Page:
Faith not forged in the crucible of your own questions isn't faith at's just a collection of beliefs you carry around, like school kids carry backpacks. Those beliefs will become about as burdensome, too.


Because they're not your own. You must examine all the things you've been taught to believe...and, remember, the greatest gift you could give to your children is permission to question the belief system you're following."

Your responsibility as a parent isn't to walk a spiritual path for your children but to walk your own path, allowing them to observe question you...but, ultimately, they must walk their own path. Just dragging your kids to church every Sunday in hopes that, by osmosis, they'll pick up what their "supposed" to believe is nonsense. There is nothing they're "supposed" to believe. Instead, they're supposed to be given permission to believe as their heart dictates.

You concern yourself with your own journey. Let them observe the transformation they see taking place in you. They'll learn by observation...contemplation...questions...and the like which path to undertake.

4. Cultivate the art of meditating

You can call it prayer if you're a Christian. I choose not to because the word prayer, although popularly used by my fellow Christians, is too laden with words. And, most praying is empty of words.

How do I know this?

Consider the prayer life of Jesus. He was frequently withdrawing from the crowd in order to pray. Meditate more likely. I doubt he said many things. In fact, the most enriching experience of prayer is when you reach that place where words are not necessary...that place where your mind is empty of noise-making, which is just the stringing together of words, ideas, concepts, memories and anticipations.

This is not easy. In fact, because we've been taught in this western culture that value is found in busyness and that "an idle mind is the devil's playground," we think it smart...even fill our minds, as well as our lives, with a lot of busyness.

It's silly. It's not right. And, it is just the opposite of what virtually every spiritual tradition teaches. An idle mind is not the devil's playground. The devil's real playground, which soon turns into a battleground, is the busy mind.

So, you have much practice to do...much discipline you'll likely have to bring to this field in order to master the art of meditation. If you will stay with it, however, the day will come, just as in everything related to the sacred journey, when you will experience the sheer bliss associated with the freedom from thought...the quieting of the mind...the interruption, even if only briefly, in the incessant stream of thinking that is your mind and mine.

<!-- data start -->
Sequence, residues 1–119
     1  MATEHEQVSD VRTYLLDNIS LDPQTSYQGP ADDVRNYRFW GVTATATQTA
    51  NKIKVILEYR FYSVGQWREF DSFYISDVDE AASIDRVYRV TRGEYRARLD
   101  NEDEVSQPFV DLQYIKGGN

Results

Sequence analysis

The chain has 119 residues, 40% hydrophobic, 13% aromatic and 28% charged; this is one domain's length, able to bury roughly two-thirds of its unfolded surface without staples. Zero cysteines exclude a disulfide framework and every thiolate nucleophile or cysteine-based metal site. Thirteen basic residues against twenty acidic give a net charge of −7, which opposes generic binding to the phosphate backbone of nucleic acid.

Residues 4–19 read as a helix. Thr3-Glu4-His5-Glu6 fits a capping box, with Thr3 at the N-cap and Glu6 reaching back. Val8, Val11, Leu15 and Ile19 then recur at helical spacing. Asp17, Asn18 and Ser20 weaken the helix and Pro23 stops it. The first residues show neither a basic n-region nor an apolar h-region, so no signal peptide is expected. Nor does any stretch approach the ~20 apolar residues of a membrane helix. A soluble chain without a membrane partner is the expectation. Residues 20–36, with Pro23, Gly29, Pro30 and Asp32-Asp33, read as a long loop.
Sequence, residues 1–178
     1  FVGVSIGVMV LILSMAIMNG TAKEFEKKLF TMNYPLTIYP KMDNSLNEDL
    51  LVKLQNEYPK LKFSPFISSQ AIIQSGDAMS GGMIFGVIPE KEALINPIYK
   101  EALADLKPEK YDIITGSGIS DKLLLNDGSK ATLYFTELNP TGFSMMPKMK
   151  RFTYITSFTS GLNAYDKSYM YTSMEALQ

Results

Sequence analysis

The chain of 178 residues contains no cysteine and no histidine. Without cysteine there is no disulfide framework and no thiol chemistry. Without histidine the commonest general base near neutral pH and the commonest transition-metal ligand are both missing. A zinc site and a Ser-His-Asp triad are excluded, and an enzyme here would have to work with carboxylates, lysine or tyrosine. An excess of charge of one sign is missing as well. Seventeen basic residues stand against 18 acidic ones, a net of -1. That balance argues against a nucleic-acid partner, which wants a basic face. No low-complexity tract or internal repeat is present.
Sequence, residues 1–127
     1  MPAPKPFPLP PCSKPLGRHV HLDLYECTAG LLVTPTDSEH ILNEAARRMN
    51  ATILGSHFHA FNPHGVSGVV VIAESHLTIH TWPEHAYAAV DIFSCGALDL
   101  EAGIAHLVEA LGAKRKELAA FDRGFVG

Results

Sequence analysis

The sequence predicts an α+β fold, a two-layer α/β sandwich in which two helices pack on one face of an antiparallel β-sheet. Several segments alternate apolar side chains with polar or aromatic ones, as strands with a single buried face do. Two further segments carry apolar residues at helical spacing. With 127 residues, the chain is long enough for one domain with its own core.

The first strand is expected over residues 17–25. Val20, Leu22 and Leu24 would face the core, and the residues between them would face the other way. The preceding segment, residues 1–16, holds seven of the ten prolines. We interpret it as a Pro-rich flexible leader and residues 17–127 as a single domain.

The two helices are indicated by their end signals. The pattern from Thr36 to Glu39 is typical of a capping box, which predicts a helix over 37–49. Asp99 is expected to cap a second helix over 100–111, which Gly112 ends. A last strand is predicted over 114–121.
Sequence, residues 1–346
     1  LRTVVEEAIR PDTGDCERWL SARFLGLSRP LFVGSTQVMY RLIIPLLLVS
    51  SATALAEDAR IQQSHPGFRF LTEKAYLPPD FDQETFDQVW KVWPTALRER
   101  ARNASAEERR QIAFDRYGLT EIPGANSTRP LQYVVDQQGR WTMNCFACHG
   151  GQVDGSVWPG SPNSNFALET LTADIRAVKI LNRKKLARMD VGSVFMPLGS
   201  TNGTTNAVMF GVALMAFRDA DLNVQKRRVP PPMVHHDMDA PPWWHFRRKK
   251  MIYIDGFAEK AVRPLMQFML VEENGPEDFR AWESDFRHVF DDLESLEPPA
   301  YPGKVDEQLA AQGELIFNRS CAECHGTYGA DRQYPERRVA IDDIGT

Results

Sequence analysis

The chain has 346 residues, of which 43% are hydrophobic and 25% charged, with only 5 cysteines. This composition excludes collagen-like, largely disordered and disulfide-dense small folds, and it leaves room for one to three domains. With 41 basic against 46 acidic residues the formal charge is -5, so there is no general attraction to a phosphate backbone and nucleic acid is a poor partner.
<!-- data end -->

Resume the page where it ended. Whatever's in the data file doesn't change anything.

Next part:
When you have begun experiencing even slightly the joy of meditation, you will begin to see real changes in how you live.

For example...

You will be less bothered by those things that used to irritate you endlessly.

You'll feel much more at peace...inwardly...much more content, too.

You'll recognize the presence of stress more quickly and take mental steps to slow down the body and the mind.

You'll be kinder to others, and to yourself, more in tune with those you love, and they, too, will see the positive changes in you.

You'll be more aware of your surroundings, more present with what is - more connected to now, not the past or future.

You'll be happier, too. Infinitely happier, more content, and aware of a sacred...even Divine presence in everything.

You won't be perfect, however. Just more forgiving...of yourself. And, when you've forgiven yourself, you are able to forgive others. Of everything.

Are you beginning to see the value in the sacred journey?

Of course you do. You would not have read this much of the article if the sacred journey had not started in you already?

You, my friend, have chosen...

Your Best Life Now!

Dr. Steve McSwain is an author, speaker, thought leader and spiritual teacher. His books and blogs inspire spiritual seekers around the world. He is a devoted follower of Christ but an interfaith activist as well. He is frequently heard to say, in the words of Mother Teresa, "I love all religions; but I'm IN LOVE with my own." Read more from Dr. McSwain on his blog Your Best Life Ever.

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